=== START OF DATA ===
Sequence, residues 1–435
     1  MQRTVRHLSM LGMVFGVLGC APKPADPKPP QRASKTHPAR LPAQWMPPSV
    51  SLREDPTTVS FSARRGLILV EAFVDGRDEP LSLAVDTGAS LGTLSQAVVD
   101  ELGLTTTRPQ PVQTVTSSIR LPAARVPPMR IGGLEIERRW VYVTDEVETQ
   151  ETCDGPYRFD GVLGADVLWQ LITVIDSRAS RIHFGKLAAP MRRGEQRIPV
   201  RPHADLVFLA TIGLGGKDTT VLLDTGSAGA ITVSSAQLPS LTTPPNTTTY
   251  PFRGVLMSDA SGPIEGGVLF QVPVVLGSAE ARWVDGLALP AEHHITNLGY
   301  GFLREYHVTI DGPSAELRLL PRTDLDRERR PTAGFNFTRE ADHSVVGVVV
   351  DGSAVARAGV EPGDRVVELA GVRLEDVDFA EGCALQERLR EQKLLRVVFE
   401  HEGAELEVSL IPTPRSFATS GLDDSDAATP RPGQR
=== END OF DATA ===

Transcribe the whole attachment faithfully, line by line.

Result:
Sequence, residues 1–435
     1  MQRTVRHLSM LGMVFGVLGC APKPADPKPP QRASKTHPAR LPAQWMPPSV
    51  SLREDPTTVS FSARRGLILV EAFVDGRDEP LSLAVDTGAS LGTLSQAVVD
   101  ELGLTTTRPQ PVQTVTSSIR LPAARVPPMR IGGLEIERRW VYVTDEVETQ
   151  ETCDGPYRFD GVLGADVLWQ LITVIDSRAS RIHFGKLAAP MRRGEQRIPV
   201  RPHADLVFLA TIGLGGKDTT VLLDTGSAGA ITVSSAQLPS LTTPPNTTTY
   251  PFRGVLMSDA SGPIEGGVLF QVPVVLGSAE ARWVDGLALP AEHHITNLGY
   301  GFLREYHVTI DGPSAELRLL PRTDLDRERR PTAGFNFTRE ADHSVVGVVV
   351  DGSAVARAGV EPGDRVVELA GVRLEDVDFA EGCALQERLR EQKLLRVVFE
   401  HEGAELEVSL IPTPRSFATS GLDDSDAATP RPGQR